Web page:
Abstract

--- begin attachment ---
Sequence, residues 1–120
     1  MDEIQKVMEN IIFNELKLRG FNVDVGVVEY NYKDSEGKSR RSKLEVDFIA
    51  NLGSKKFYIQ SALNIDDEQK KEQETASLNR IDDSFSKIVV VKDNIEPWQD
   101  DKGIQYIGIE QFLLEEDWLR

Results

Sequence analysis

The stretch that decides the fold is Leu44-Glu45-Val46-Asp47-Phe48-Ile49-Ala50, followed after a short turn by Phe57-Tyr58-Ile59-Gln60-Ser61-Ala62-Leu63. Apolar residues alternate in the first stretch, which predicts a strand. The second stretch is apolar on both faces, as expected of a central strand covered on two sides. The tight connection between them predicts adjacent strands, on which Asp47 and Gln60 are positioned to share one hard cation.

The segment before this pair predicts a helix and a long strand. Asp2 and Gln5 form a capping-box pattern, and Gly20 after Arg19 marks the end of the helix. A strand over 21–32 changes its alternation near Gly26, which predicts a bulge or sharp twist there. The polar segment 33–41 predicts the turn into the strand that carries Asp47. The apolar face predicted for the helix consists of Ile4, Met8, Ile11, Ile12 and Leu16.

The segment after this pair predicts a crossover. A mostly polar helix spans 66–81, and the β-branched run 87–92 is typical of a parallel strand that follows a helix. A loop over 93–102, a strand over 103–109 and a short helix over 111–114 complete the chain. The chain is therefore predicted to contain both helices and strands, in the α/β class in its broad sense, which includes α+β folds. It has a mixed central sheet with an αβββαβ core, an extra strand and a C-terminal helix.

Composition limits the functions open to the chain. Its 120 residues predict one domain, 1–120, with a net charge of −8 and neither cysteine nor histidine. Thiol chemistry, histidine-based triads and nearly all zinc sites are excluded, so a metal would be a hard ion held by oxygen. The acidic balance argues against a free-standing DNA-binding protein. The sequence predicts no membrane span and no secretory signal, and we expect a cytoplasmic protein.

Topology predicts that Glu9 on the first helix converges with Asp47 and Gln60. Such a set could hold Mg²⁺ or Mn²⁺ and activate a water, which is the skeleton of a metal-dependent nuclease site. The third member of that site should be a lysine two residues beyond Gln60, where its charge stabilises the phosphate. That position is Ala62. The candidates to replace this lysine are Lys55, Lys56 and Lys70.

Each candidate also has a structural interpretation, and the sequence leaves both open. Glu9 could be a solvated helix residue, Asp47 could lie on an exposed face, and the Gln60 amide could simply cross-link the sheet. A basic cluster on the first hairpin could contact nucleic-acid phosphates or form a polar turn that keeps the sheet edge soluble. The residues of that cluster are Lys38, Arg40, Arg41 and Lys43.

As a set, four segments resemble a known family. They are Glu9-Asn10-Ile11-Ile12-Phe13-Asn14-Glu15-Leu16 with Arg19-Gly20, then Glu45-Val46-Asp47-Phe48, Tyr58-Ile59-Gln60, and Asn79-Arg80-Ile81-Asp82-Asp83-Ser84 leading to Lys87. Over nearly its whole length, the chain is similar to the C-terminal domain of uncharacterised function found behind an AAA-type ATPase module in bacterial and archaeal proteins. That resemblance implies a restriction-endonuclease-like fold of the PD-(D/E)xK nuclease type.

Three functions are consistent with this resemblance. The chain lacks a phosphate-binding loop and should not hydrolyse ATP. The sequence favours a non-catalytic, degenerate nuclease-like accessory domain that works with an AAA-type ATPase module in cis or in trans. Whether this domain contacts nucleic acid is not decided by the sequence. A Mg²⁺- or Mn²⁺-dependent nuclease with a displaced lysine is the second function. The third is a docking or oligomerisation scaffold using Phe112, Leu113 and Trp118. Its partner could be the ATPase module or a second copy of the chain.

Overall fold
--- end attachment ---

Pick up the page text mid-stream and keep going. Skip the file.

A metal-enriched seawater plume entering the western Mediterranean Sea through the Strait of Gibraltar originates 300 km to the west in the Rio Tinto estuary of southwestern Spain. Mining of Rio Tinto ore, one of the largest metal-rich sulfide deposits in the world, started well before Roman times. Contemporary Rio Tinto waters draining the region are highly acidic (pH 2.5) with dissolved cadmium, zinc, and copper concentrations 105−106 times higher than in uncontaminated surface water of the Gulf of Cadiz. Two dated sediment cores from the Spanish continental shelf show that metal inputs to the region increased with the onset of intensive mining activities during the second half of the 19th century. Although the impact of mining may have decreased over the past few decades, the Tinto river and estuary remain highly contaminated.

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